As I’ve said before, it doesn’t take much these days.

At our last visit we broached our concerns about the possibility of Justin’s sporting a second disorder, so we spend a good portion of our appointment time discussing how he’s doing at school (beautifully), his behavior at home (save for the constant house reorg, wonderful), and the numerous interventions we’ve attempted. My husband and I share with her the opinion of our fabulous BCBA-for-a-day, and reiterate we’re aware of the difficulty of culling out the perseverative aspects of his behaviors from those that might be purely of a compulsive nature.

Eventually, we stop talking, and listen.

Our learned practitioner concurs with us that dual diagnosis is difficult, and perhaps at the end of the day, immaterial. She says that from what she’s heard it is probable he has both disorders, and she’s willing to state it for the record. We discuss our “plan of attack”, which begins with increasing the dosage of his current medication, then perhaps exploring others if this intervention fails to mitigate the situation. We are given time-frames and parameters for using this approach, and she throws out the names of other potential medications. Our doctor gently informs us that things might get worse for a while before they get better, if they get better. We are reminded that none of this may work because he has autism, as well as OCD. Finally, our new physician gently tells us that it may take months to see a change, if any, because finding the right SSRI for OCD is a complicated task.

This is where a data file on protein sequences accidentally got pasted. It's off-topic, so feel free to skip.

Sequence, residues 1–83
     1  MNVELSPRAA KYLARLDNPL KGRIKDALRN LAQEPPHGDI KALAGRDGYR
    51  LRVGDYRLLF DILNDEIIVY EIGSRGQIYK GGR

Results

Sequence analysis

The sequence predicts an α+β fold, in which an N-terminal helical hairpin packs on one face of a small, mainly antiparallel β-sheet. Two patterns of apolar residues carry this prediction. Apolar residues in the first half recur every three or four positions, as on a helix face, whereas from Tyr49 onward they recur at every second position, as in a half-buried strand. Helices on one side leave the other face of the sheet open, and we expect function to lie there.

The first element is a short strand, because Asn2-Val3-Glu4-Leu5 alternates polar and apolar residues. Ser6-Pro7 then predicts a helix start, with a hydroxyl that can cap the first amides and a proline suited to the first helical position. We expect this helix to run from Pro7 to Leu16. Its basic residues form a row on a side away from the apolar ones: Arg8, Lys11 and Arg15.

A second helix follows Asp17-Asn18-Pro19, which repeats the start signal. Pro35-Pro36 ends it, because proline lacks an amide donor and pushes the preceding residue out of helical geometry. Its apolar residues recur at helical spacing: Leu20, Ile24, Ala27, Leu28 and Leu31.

Hmm. Ambiguity in a treatment plan. It seems we’ve been here before.

As Justin begins to tire of the toys he initially found so fascinating, his father and I simultaneously wrap up our little tete-a-tete with Justin’s doctor, whom I’d recommend unequivocally to anyone (and that doesn’t happen often). We gather our stuff, thank her, and as Jeff heads to the exit with our boy, I tell him I’m going to make our next appointment in person, so I don’t have to remember to place the call next week. When I finish reconfiguring the chess pieces of our summer schedule I have an appointment secured, and head rapidly back to the exit so we can attempt our return home prior to rush hour.

In the distance I see Jeff struggling a bit with Justin’s safety harness, and I heighten my pace because I know how frustrating those buckles can be, and frankly, I’m just better at it. I know I have almost an entire minute alone to process this dual designation before I’m reunited once again with my family, and, I quickly assess my emotional state (I’ve become expert at this over the years). Unbidden as I walk, the tune from the “alphabet song” enters my head. There is a slight variation on a theme this time with the words “ABCD, ASD, HIJK my son has OCD” inserting itself into my fatigue-ridden brain.

No, I’m not sure where that came from.

I continue on to the car, and realize I’ve suspected this outcome for years, am far more interested in whether or not this knowledge can help alleviate some of his more troubling symptoms than whether or not he has a second “label”. So many recent studies seem to suggest that a variety of disorders comprise one big happy family, with ASD, OCD, ADD and others perhaps fighting for purchase on one or two chromosomes. Perhaps we’ll add more letters to his “alphabet soup” along the way, perhaps not. At the end of the day, what he has is irrelevant to who he is, and how much he’s loved.

And as I leave the parking lot after a brief skirmish with my spouse over which direction to turn (he was right, I know, it’s shocking), I remind myself that on the bad days, and yes, there still are bad days, that this absolute truth is what I need to remember most.